motivations causing its growth, discusses the transfer of financial
risk to providers under managed care systems, and explores the
impact of managed care on quality of life.

Setting the Stage

As we move into the era of managed care, it is important to understand
the current health care system and how that system has contributed
to the changes being proposed. This section describes selected
aspects of the health care financing and delivery system that
are particularly relevant to managed care, and then briefly highlights
problems or issues that we face that are motivating change in
the system.

Third-Party Payment

The financing and delivery of health care services in the United
States are characterized by a number of features that have contributed
to rapid cost increases in the system and, thus, have led to the
interest in managed care as a means of controlling those costs.
Figure 1 presents a simplified schematic of the relationships
among consumers/patients, providers (hospitals, physicians, and
others), and insurer. Unlike the relationship that exists between
the consumer and provider for most goods and services, health
care services are characterized by the presence of an active "third
party," the insurers. The demand for and effects of insurance
have been well documented [4]. The problem with having insurance
intervene between consumers and providers at the time that the
decision to seek and apply care is made is that the normal discipline
of the market is reduced.

From the consumer's perspective, health insurance is an important
and valuable product because the need for services is highly uncertain.
That lack of predictability and the financial risk consumers face
yield an important benefit of insurance [4]. However, once insurance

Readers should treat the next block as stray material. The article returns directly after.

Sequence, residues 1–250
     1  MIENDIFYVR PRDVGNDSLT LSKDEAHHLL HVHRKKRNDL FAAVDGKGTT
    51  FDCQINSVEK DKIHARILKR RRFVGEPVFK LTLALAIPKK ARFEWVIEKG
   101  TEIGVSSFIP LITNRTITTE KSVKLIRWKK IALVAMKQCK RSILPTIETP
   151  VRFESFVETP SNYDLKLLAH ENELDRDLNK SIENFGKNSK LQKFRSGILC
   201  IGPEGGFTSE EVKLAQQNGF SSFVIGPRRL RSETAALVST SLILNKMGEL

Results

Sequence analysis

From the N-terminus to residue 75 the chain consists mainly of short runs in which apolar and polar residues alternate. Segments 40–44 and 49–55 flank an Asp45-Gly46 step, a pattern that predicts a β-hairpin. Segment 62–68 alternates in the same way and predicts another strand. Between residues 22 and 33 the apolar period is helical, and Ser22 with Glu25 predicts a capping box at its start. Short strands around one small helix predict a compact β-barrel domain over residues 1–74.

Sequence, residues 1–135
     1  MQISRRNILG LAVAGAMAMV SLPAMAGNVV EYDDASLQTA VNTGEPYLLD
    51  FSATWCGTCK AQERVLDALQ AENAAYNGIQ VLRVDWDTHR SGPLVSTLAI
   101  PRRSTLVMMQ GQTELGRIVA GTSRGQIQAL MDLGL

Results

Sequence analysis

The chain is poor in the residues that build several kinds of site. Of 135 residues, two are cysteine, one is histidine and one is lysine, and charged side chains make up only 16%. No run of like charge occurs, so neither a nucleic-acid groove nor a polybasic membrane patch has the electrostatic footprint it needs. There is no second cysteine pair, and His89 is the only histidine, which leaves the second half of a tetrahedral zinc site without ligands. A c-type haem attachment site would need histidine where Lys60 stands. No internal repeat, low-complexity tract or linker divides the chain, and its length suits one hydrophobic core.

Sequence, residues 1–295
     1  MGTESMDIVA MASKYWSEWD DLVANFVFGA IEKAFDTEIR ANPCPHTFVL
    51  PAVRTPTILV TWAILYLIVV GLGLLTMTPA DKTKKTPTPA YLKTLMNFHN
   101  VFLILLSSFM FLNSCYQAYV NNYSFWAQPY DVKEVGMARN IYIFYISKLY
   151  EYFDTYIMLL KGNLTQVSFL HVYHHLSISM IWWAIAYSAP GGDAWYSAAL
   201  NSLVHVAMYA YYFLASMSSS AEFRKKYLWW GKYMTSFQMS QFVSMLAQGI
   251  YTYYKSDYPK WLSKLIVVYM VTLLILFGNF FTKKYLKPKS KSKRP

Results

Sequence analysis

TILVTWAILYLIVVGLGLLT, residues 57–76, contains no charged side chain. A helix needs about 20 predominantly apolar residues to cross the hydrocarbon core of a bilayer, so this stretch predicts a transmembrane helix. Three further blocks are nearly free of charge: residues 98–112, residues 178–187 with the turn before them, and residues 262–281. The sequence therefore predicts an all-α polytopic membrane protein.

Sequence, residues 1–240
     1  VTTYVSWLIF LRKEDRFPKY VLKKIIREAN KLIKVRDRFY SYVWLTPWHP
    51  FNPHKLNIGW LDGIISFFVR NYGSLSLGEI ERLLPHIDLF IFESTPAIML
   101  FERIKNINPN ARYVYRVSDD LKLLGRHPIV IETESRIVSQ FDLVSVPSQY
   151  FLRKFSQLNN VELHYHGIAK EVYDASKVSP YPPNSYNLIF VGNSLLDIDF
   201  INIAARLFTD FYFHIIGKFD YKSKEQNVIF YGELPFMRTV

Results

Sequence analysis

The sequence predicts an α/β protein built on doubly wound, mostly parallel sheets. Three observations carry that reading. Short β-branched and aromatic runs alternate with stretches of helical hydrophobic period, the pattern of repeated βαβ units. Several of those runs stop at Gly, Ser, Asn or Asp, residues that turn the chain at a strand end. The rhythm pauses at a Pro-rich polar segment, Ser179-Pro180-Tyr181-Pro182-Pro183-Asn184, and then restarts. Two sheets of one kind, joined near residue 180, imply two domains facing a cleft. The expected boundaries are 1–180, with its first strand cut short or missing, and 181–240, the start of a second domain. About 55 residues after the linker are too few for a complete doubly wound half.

is purchased, the price of health care services to the consumer
(patient) falls and the "moral hazard" effect induces
individuals to consume more services than if they had paid full
price [5 ].Once heavily insured consumers become sick and need
services, the cost of those services is essentially zero. Therefore,
these patients have no incentive to demand an efficient quantity
of services from a social perspective. As long as additional services
generate some value to the consumer (no matter how small), those
services are demanded.

Similarly, providers have no financial incentive to limit or manage
care because they are generally paid based on the quantity of
services delivered. This payment system, called fee-for-service
for physicians and billed charges for hospitals, rewards providers
financially for delivering more, not fewer, services. Consequently,
the incentives of both providers and consumers (patients) are
in line. Naturally, professional ethics prohibit totally inappropriate
care, but if there is ever a question of the value of services,
both providers and patients have the incentive to order more services
[6].

The traditional role of the insurer is to collect premiums from
consumers (the patient, firm, or government) and pay the provider
for delivery of services. It would seem that insurers would be
concerned about the quantity and cost of services provided. However,
premiums adjust for the experience of the insured population to
minimize the risk to the insurance entity. Insurers can essentially
pass medical expenses on to purchasers. The passive role played
by insurers when paying for care and raising premiums to cover
their "average" cost facilitated the rapid expansion
of health care costs. Only in recent years have the purchasers
and, as a result, the payers begun seriously objecting to the
payment increases and looking for ways to control costs. These
relations have allowed some of the problems discussed below to
exist and form the basis for the proposed role of managed care.